REVIEW | Creature


Choreographic Brilliance Meets Cinematic Mastery in Creature

Reviewed by Brendan Daynes

In the heart of the icy expanse, where the chilling winds whisper tales of isolation, Creature is a breathtaking marvel that melds movement and emotion into a symphony of theatrical brilliance. Crafted by the visionary choreographer Akram Khan, this film adaptation resonates with influences from Georg Büchner’s “Woyzeck” and Mary Shelley’s “Frankenstein,” as it paints a compelling tale of longing, exploitation, and the resilience of the human spirit.

Nestled within the confines of an Arctic research station, the narrative unfolds around an enigmatic captive creature, embodied with unparalleled grace by Jeffrey Cirio, principal dancer of the English National Ballet. Khan’s deft hand and Cirio’s virtuosic performance seamlessly merge, etching a character that elicits both sympathy and intrigue. A poignant subplot emerges as the creature’s heart finds solace in the tender companionship of a cleaner, the beacon of kindness amidst the frigid dystopia.

The film thrives in its commitment to the absence of spoken dialogue, offering a dialogue of movement that speaks volumes. This choice underscores the universality of emotion and the eloquence of the human body. The choreography, meticulously executed, carries the weight of storytelling, as every gesture and pirouette forms a piece of the intricate narrative puzzle. Khan’s genius shines in his ability to maintain a constant current of choreography even in the background, a whirlwind of motion that enriches every frame.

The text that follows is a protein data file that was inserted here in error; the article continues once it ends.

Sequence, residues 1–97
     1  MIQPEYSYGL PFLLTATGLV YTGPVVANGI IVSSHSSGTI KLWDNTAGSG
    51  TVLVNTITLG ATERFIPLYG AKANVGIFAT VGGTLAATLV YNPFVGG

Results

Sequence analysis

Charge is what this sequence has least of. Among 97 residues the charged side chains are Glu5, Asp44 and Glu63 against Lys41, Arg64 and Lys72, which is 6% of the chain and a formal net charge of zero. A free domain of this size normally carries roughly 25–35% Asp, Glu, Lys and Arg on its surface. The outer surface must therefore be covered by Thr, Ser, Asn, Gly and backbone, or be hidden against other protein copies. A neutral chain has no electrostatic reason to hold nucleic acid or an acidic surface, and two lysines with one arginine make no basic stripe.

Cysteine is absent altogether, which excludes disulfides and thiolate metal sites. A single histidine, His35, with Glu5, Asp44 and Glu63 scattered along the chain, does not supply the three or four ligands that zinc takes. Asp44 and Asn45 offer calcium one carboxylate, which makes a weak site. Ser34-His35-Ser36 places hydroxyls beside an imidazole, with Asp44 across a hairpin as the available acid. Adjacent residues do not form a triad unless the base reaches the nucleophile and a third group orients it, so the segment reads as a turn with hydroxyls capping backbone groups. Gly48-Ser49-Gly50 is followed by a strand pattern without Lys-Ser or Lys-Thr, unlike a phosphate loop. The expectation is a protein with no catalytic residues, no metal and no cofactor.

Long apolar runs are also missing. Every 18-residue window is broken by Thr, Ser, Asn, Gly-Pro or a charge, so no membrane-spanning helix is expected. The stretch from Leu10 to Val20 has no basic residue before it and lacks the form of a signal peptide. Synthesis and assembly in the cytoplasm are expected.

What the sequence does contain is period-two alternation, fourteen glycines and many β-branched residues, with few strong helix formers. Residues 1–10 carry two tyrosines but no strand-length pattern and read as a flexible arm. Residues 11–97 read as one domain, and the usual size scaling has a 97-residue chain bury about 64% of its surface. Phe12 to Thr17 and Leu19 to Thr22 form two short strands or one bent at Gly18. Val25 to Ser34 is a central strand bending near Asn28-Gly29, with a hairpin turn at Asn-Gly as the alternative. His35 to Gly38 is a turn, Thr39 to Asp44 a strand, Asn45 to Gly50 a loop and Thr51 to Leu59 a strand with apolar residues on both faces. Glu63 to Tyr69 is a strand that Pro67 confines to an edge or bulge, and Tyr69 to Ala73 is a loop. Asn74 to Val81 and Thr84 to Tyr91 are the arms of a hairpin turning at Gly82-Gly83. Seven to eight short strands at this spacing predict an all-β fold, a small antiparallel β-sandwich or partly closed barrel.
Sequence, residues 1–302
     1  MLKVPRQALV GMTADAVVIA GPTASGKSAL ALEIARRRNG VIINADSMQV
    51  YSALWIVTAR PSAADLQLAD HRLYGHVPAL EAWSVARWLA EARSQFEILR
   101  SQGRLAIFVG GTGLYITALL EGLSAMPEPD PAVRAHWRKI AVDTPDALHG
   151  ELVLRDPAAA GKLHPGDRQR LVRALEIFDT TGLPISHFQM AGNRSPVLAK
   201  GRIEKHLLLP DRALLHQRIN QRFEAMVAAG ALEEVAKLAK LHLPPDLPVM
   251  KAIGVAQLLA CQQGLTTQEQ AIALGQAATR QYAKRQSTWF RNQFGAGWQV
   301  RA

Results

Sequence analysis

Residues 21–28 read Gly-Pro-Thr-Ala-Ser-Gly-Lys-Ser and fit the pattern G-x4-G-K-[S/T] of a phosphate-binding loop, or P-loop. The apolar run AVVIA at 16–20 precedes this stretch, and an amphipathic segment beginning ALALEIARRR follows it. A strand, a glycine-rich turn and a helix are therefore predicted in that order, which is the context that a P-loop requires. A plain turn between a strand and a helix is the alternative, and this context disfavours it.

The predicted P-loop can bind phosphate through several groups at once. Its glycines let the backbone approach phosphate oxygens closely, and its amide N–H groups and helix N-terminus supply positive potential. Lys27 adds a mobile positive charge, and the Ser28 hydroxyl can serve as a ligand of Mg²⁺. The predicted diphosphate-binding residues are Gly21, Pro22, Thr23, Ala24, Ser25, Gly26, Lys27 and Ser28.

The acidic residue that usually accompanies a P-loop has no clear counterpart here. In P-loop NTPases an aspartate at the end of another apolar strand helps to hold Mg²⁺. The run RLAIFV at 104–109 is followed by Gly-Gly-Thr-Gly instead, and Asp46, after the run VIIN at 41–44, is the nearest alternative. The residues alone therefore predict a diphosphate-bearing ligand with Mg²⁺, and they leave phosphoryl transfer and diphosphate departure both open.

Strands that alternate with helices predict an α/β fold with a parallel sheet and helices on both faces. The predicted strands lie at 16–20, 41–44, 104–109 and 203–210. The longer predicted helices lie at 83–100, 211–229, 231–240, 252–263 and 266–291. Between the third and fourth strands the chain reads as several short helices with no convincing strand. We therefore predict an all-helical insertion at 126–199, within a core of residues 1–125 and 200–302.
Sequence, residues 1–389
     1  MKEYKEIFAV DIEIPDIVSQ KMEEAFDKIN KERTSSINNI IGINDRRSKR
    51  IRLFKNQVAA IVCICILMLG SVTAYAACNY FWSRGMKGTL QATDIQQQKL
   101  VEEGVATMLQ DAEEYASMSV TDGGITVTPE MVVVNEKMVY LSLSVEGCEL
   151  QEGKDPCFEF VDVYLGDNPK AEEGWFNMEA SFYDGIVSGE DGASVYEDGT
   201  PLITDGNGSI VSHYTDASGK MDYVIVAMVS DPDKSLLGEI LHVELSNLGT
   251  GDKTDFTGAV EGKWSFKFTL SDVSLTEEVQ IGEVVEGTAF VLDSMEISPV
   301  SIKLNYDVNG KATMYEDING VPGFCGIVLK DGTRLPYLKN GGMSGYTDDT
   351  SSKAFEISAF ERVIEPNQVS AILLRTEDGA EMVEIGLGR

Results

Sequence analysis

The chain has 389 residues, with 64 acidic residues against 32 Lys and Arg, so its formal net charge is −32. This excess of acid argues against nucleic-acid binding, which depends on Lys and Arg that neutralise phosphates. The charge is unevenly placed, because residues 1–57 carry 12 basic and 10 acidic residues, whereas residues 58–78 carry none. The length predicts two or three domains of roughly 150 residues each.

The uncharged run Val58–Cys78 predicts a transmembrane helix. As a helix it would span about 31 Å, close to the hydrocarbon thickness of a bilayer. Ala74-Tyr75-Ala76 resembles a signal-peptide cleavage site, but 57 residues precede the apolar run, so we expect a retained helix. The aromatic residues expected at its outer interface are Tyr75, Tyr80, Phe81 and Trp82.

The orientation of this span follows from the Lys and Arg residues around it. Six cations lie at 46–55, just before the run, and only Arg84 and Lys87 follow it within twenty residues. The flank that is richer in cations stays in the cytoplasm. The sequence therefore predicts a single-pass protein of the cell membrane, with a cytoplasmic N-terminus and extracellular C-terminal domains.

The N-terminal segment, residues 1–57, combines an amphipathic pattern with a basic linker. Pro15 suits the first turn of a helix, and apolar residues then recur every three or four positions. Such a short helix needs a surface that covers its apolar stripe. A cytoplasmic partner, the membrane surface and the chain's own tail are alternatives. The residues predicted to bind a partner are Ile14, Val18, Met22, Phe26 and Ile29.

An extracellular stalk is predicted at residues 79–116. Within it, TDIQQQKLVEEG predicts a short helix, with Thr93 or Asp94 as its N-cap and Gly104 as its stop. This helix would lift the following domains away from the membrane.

The setting itself emerges as a character of its own, invoking a claustrophobic atmosphere that metaphorically mirrors the stifling control and manipulation exerted by unseen forces. In a cinematic landscape where the stage’s limitations can be transcended, the film chooses to remain within its confinement, thus enveloping the audience in a poignant sense of entrapment, echoing the central themes of state control and exploitation.

The ensemble collectively breathe life into the army’s precise choreography, weaving a chilling tapestry of authority and conformity. This stands in stark contrast to the creature’s graceful fluidity and poignant vulnerability. The choreography becomes a visual language that underscores the power dynamics and emotional turbulence within the narrative.

It’s impossible not to become entranced by the cinematography of the film, as the camera takes on a dynamic energy, gliding and soaring, encapsulating the dancers’ passion in each movement. The collaboration between the cinematographer and choreographer breathes life into the dance, making the audience feel like an active participant in the unfolding drama.

In an industry often driven by flash and spectacle, Creature remains a reminder of the profound impact that can be achieved through the pure art of movement and expression. Through its spellbinding choreography, the film captures the human experience, distilling it into a language that transcends words. As the lights dim and the world outside the Arctic station fades, the essence of this cinematic marvel lingers, a testament to the enduring power of storytelling through movement.

Creature played as part of Melbourne International Film Festival which ran in cinemas in various locations around Melbourne and also in some regional locations from 3-20 August, with a selection of films also available to be streamed online from 18-27 August. For more information on the festival visit

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